Islamic leader, mother and nurse convicted of genital mutilation of two girls, 7, are ‘remorseful’ but judge finds ‘no evidence’ they will try to stamp out the practice in their community
- NSW Judge said on Friday that the co-offenders wouldn’t stop the practice
- All three are members of Sydney’s Dawoodi Bohra Muslim community
- A mother and a nurse were found guilty of genital mutilation in November
- Shabbir Mohammedbhai Vaziri is an accessory after the fact
- The sentencing hearing for the two women and religious figure continues
There is no evidence that three people convicted of the genital mutilation of two young girls will try to stamp out the practice in their Muslim community, a judge has said.
New South Wales Supreme Court Justice Peter Johnson presided over a sentencing hearing this week for the three co-offenders – a mother, a former nurse and a high-ranking religious figure – who are all connected to the Dawoodi Bohra Muslim community.
A mother and retired nurse were convicted in November of two counts of genital mutilation – the first ever case of female genital mutilation in Australia.
They were accused of arranging for two of the mother’s daughters to have their clitorises cut when they were both aged around seven.
New South Wales Justice Peter Johnson (not pictured) said Shabbir (pictured middle) and two female co-offenders would not work to stop the practice of genital mutilation within their community
High-ranking community member, Shabbir Mohammedbhai Vaziri, was found guilty of acting as an accessory after the fact.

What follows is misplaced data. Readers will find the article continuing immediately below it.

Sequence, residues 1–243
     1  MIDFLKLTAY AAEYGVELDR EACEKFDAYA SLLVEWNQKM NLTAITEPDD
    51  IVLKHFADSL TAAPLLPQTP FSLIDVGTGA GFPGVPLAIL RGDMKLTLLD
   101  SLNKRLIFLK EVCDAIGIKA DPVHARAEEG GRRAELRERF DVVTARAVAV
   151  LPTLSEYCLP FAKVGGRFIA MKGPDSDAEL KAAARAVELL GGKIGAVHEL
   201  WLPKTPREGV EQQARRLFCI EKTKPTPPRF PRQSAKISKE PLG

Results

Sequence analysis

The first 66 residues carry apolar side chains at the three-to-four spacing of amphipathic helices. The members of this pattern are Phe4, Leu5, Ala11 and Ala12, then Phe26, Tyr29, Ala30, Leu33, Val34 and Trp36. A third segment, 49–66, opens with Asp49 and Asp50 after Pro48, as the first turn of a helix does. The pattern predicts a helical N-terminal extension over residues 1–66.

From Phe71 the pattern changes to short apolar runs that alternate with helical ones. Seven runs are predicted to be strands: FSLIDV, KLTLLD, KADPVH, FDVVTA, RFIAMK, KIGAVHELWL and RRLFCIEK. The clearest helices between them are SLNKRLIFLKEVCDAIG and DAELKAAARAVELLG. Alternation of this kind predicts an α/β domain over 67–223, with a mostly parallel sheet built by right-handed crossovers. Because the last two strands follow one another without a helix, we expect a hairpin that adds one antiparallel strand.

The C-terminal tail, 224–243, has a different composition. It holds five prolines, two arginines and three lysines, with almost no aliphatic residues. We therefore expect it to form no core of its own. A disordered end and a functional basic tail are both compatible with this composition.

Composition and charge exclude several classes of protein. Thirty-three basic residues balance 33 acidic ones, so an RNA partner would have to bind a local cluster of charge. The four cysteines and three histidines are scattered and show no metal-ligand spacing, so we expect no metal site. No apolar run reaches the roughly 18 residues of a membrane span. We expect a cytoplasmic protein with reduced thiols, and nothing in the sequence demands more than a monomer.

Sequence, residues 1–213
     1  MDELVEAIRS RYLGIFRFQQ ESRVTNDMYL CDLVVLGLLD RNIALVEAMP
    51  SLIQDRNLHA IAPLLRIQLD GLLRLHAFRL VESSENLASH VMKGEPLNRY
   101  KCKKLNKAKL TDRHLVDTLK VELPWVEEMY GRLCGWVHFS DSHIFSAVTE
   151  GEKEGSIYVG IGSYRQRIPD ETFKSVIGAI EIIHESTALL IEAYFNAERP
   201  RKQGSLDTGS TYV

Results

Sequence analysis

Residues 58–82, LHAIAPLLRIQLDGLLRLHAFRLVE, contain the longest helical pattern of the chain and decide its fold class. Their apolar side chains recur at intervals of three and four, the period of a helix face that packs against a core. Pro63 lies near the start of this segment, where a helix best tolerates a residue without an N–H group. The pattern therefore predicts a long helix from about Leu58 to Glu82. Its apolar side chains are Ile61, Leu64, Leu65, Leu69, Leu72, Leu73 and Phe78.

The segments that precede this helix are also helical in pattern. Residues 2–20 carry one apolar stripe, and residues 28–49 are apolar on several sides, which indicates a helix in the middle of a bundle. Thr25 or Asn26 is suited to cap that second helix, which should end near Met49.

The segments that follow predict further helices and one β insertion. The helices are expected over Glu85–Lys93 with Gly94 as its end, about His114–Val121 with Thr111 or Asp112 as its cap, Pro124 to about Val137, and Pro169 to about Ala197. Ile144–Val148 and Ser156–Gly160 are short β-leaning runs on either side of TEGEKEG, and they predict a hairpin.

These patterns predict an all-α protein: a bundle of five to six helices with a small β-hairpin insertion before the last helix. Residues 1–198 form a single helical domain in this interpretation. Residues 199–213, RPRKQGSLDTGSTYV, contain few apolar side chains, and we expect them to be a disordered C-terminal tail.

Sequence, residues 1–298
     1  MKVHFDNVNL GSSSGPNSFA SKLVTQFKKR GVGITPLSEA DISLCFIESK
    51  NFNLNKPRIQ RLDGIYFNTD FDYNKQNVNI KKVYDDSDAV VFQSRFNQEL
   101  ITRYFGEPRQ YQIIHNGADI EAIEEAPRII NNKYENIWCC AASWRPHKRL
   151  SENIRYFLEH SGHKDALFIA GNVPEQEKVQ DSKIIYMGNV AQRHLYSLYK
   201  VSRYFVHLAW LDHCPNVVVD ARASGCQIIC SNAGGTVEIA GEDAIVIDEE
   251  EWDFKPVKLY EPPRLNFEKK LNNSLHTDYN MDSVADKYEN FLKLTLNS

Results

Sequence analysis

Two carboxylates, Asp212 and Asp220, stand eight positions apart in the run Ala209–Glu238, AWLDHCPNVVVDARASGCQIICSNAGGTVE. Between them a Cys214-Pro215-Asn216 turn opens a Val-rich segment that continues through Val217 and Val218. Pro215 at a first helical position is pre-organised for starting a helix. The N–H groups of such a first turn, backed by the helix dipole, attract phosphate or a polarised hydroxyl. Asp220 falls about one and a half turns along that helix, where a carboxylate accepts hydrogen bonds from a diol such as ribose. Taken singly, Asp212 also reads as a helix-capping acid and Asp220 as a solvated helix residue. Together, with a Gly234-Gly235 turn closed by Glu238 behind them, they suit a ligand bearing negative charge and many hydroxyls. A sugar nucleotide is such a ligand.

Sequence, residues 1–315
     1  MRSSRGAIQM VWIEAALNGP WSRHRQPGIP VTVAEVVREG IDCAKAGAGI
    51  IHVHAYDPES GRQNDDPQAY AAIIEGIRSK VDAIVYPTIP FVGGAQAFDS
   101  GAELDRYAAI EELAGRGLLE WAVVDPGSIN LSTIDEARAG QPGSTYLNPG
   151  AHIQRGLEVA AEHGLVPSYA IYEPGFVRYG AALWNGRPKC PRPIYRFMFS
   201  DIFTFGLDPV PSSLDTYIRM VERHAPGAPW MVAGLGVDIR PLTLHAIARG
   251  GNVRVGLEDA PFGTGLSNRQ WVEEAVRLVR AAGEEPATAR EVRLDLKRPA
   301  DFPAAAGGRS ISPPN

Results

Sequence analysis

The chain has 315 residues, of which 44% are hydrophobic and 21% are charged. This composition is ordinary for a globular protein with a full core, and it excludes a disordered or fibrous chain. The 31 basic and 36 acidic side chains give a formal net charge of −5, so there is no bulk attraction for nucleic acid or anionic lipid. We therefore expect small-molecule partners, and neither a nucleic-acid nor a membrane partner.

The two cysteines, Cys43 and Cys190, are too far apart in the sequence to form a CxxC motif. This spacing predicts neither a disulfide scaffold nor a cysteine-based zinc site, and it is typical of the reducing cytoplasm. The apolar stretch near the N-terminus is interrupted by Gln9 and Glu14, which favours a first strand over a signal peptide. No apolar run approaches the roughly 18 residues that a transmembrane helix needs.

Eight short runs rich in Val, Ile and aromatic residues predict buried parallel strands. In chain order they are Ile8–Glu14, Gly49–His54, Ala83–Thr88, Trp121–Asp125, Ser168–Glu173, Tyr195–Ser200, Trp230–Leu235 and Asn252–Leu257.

The women’s lawyers have previously argued the procedure was symbolic, and that the retired nurse only touched the girls’ skin with a set of forceps.
Justice Johnson said that act alone would be considered criminal assault.
The court heard the defendants were remorseful, but Justice Johnson said he did not think the evidence before him showed the three would actively oppose the future practice of female genital mutilation by members of the local Dawoodi Bohra community, symbolic or otherwise.
‘I’m not sure that I have seen any of these accused saying they reject all practices of that sort,’ Justice Johnson said
Shabbir Mohammedbhai Vaziri is an accessory after the fact (pictured left)
The two women – a mother and a retired nurse – were convicted in November of two counts of genital mutilation
‘I’m not sure that I have seen any of these accused saying they reject all practices of that sort,’ he said.
Justice Johnson has also been asked to consider whether an order banning journalists from identifying the retired nurse should remain in place.
The nurse’s lawyer has argued the ban is necessary to protect her safety, adding that the frail woman had been jostled by members of the media and had previously received threatening phone calls.
The hearing will continue at the NSW Supreme Court on King Street (pictured)
But Crown Prosecutor Nanette Williams said the freedom to identify an offender was a central feature of the principle of open justice.
‘There are laws against stalking and harassing, and those laws can be invoked to prevent (the woman) from being subjected to any further harassment or calls, should that be the case,’ Ms Williams said.
The hearing continues
Wake up everybody. Is this really what you want in the society your daughters are growing up in?
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